A major food shortage is on the horizon, and the majority of lawmakers in D.C. just don’t seem to care. In fact, the president’s modus operandi seems to be to divide and then divide some more until we have instilled such a deep fear about our farmworkers that they leave the country. Unfortunately, as it stands right now, we are already seeing a labor shortage, and some farmers are being forced to leave a significant amount of their crop unharvested. John Krist, chief executive officer of Farm Bureau of Ventura County, confirmed this reality, stating that in Ventura County, local farmers, at peak harvest, only have about 75 percent of the skilled labor force needed to pick crops. U.S. Sen. Dianne Feinstein, D-San Francisco, however, is plowing ahead with her Agricultural Worker Program Act despite the lack of bipartisanship and the tumultuous atmosphere in Washington.
The bill would allow farmworkers who have worked in agriculture for at least 100 days in each of the past two years to earn lawful “blue card” status. Farmworkers who maintain blue card status for the next three or five years, depending on the total hours worked in agriculture, would be eligible to adjust to a green card or legal permanent residency. Feinstein said that up to 70 percent of farmworkers are undocumented; Krist relayed similar numbers, saying that 90 percent of farmworkers are immigrants and 60 percent are undocumented. In Ventura County, there are approximately 36,000 farmworkers. With the president’s unsubstantiated fearmongering over undocumented immigrants, the pool of skilled laborers is only going to shrink further.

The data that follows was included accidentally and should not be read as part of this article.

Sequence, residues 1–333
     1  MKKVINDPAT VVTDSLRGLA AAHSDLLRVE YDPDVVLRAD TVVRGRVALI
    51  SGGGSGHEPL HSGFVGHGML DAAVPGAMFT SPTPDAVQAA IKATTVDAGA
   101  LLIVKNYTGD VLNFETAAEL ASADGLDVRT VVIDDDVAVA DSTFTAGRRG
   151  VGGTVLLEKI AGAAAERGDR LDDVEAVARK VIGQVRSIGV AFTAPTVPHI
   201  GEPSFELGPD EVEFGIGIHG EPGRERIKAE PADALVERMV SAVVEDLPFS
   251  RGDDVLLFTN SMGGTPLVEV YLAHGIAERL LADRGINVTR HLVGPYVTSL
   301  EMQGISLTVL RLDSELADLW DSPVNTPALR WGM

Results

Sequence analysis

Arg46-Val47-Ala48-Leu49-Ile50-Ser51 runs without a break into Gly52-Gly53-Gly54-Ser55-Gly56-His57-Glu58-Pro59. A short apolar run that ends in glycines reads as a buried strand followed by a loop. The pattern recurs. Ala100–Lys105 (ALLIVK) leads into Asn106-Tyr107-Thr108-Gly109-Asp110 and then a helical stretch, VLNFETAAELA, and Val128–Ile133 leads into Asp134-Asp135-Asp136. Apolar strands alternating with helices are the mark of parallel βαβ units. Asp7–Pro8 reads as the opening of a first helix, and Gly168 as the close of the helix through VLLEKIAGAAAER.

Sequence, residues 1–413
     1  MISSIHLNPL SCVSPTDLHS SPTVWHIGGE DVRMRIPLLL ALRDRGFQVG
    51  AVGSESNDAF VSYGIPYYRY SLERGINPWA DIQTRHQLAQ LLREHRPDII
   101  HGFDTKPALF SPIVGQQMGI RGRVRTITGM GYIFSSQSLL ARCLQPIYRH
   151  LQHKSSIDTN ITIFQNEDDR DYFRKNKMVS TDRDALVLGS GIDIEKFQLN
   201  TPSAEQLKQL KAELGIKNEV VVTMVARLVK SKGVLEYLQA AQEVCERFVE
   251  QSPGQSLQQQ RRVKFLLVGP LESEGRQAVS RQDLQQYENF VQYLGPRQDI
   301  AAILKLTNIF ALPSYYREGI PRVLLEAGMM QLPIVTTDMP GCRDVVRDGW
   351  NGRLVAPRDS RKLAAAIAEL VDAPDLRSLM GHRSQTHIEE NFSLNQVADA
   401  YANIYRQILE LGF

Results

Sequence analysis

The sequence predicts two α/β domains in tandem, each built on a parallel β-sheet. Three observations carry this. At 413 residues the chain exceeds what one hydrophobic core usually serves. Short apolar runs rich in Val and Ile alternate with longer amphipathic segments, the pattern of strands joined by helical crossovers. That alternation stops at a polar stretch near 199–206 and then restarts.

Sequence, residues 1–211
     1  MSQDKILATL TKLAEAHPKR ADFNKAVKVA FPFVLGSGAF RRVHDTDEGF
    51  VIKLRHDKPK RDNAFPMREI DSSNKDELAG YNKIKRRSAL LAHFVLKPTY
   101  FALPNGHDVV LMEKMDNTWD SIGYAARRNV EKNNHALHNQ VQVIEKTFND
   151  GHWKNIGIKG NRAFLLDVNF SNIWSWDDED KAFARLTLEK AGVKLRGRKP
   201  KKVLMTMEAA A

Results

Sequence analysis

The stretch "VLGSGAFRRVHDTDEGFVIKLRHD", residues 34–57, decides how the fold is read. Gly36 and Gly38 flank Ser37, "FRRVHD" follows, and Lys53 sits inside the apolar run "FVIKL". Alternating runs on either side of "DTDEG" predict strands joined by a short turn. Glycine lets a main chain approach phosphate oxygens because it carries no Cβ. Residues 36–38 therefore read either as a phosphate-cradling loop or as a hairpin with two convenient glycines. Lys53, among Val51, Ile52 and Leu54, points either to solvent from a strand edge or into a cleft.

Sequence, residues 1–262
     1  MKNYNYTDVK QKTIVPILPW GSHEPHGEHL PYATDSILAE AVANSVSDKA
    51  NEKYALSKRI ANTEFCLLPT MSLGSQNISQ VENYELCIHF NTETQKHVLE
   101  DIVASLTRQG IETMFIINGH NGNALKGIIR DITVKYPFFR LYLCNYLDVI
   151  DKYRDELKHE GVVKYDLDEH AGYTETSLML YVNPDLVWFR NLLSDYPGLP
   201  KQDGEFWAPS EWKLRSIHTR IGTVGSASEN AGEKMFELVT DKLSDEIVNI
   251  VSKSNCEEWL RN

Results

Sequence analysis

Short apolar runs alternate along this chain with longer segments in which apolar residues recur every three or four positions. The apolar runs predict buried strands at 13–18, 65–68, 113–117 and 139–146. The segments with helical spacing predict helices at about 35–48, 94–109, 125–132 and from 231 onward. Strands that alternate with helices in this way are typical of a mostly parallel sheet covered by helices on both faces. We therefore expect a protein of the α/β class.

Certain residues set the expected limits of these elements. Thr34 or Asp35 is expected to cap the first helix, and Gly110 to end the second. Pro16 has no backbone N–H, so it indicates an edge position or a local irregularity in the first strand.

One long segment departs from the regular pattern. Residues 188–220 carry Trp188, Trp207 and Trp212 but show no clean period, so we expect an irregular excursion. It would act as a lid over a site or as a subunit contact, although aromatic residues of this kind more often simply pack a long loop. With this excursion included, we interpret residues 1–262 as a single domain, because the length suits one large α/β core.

There are some other issues to consider as well. With the ongoing affordable housing crisis, Ventura County being one of the most expensive places to live in the country, this effectively drives skilled laborers to other agricultural areas outside the region. As the labor shortage persists, driving up wages in a highly competitive market, farmers’ profit margins begin to shrink. Plus, with the increasing cost of water, farming in Ventura County seems to be an unstable enterprise. With the county ranking No. 8 in value for its agricultural industry in the state, if elected officials don’t do something, the future, not only for the county but also for what it contributes to the global food chain, is looking rather bleak. But there is still time to act.
Krist admits that the Agricultural Worker Program Act or any legislation to help farmworkers needs to be more comprehensive, that the temporary work visa program needs to be reformed and streamlined to help workers get through legally, but this bill is a step in the right direction. We agree with Krist, though we remain skeptical, concerned that any reasonable bill to address the farmworker shortage will not get the bipartisan support needed to pass at this time. There is hope, though. California lawmakers are not shy about their support to shield and help undocumented immigrants. This issue, however, boils down to one thing. What will we eat when our food costs are so high because we did nothing to help the ones that provide it?